That’s quite some time for optimising every basic process, from cleaning their cells to defending themselves from unwanted guests like hornets. There are so many things we can learn from these fascinating creatures that are nature’s epitome of a perpetuum mobile.
For, honey bees never stop working; they never wait for their manager to give them directions when they are done with a specific task, since they don’t have one and they don’t even need it. They just function flawlessly as one whole super-organism, each and every one of them, the worker bees, the cleaners, the water bringers, the drones, and, of course, the queen bee. They don’t need team buildings to become a better team, no additional bonuses to pollinate, no supervisors to make sure that the job is done, no trainings to know what they are supposed to do. They just do it.
Sadly, not only that we are not learning from them, but we have been getting in their way. By developing monocultures, relying on neonicotinoids, exposing them to poor nutrition and eventually disrupting their immune system, people have been gradually chasing them away. And with them gone, there will be no apples, no almonds, no blueberries, no dairy products and many more. “Bees dying reflect a flowerless landscape and a dysfunctional food system.” warns us Marla Spivak, a distinguished entomology professor at the University of Minnesota.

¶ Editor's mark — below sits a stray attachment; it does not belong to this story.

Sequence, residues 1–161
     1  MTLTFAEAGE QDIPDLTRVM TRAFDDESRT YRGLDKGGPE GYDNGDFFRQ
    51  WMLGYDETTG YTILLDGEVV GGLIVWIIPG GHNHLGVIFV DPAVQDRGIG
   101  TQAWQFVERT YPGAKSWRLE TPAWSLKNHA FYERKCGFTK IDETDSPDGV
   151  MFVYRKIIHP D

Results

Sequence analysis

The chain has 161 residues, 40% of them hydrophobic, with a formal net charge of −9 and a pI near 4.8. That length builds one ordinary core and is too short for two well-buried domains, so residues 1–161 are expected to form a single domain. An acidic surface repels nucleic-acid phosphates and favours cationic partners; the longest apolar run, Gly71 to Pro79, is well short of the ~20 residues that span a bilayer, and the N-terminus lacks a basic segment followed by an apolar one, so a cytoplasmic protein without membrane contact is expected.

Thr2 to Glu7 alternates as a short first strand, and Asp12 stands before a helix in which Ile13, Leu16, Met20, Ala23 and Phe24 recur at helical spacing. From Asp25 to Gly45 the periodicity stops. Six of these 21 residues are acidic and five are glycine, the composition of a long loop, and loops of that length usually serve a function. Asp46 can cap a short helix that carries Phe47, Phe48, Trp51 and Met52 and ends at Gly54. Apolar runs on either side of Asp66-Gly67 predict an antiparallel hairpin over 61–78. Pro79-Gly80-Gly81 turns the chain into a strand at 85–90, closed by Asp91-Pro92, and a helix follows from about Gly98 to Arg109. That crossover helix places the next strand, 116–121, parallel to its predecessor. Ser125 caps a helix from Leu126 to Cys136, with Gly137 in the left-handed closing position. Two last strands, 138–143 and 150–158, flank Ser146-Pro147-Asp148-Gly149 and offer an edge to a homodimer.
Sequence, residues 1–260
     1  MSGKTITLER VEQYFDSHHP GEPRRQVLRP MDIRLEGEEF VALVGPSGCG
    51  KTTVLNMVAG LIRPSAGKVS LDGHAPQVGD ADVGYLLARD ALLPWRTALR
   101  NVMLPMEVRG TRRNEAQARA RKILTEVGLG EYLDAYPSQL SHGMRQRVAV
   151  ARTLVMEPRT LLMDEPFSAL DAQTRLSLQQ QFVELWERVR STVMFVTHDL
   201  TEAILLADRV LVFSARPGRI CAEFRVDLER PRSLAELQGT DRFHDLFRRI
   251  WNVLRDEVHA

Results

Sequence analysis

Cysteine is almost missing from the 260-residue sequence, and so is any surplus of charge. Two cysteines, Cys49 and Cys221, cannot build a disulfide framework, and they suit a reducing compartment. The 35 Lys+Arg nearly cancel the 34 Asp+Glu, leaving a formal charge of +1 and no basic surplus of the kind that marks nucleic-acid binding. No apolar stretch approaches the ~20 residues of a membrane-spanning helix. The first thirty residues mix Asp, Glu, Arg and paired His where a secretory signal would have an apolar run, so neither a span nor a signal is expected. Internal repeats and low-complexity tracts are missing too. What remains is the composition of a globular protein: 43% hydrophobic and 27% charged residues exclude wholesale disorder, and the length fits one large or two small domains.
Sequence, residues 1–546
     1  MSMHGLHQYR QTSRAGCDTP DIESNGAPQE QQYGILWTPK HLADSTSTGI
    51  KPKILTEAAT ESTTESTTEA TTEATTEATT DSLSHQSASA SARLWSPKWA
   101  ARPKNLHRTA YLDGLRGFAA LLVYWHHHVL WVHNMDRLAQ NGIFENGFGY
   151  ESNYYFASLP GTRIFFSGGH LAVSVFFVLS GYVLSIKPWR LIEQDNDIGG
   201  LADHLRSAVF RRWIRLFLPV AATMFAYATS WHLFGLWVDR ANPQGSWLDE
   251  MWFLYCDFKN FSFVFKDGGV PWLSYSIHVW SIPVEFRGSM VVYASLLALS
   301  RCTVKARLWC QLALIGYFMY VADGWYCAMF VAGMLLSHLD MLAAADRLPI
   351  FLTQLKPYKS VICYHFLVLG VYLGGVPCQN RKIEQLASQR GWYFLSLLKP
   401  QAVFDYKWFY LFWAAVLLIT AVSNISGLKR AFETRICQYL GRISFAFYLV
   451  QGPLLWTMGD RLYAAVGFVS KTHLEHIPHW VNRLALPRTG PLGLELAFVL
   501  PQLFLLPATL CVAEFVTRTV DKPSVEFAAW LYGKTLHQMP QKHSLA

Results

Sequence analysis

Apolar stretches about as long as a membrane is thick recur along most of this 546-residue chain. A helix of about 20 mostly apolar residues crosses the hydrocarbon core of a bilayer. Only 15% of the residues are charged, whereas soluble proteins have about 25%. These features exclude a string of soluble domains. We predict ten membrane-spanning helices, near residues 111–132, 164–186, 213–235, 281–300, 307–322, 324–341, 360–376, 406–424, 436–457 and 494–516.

So, what can we do? We can all make small steps in order to save them. We can support our local market by purchasing their produce. We can plant a flower or even an avocado tree on our balcony. Or, why not even host our own urban hive?
Honey bees represent the essential reproductive mechanism of nature and have been boosting our well-being in the form of honey, honey milk, propolis, and much more since the beginning of our existence. It’s about time we gave some of that love back. Because love is the best way to describe what is occurring when a bee pollinates a flower.
Tell us what you think! How do you feel about saving those tiny fuzzy fellars?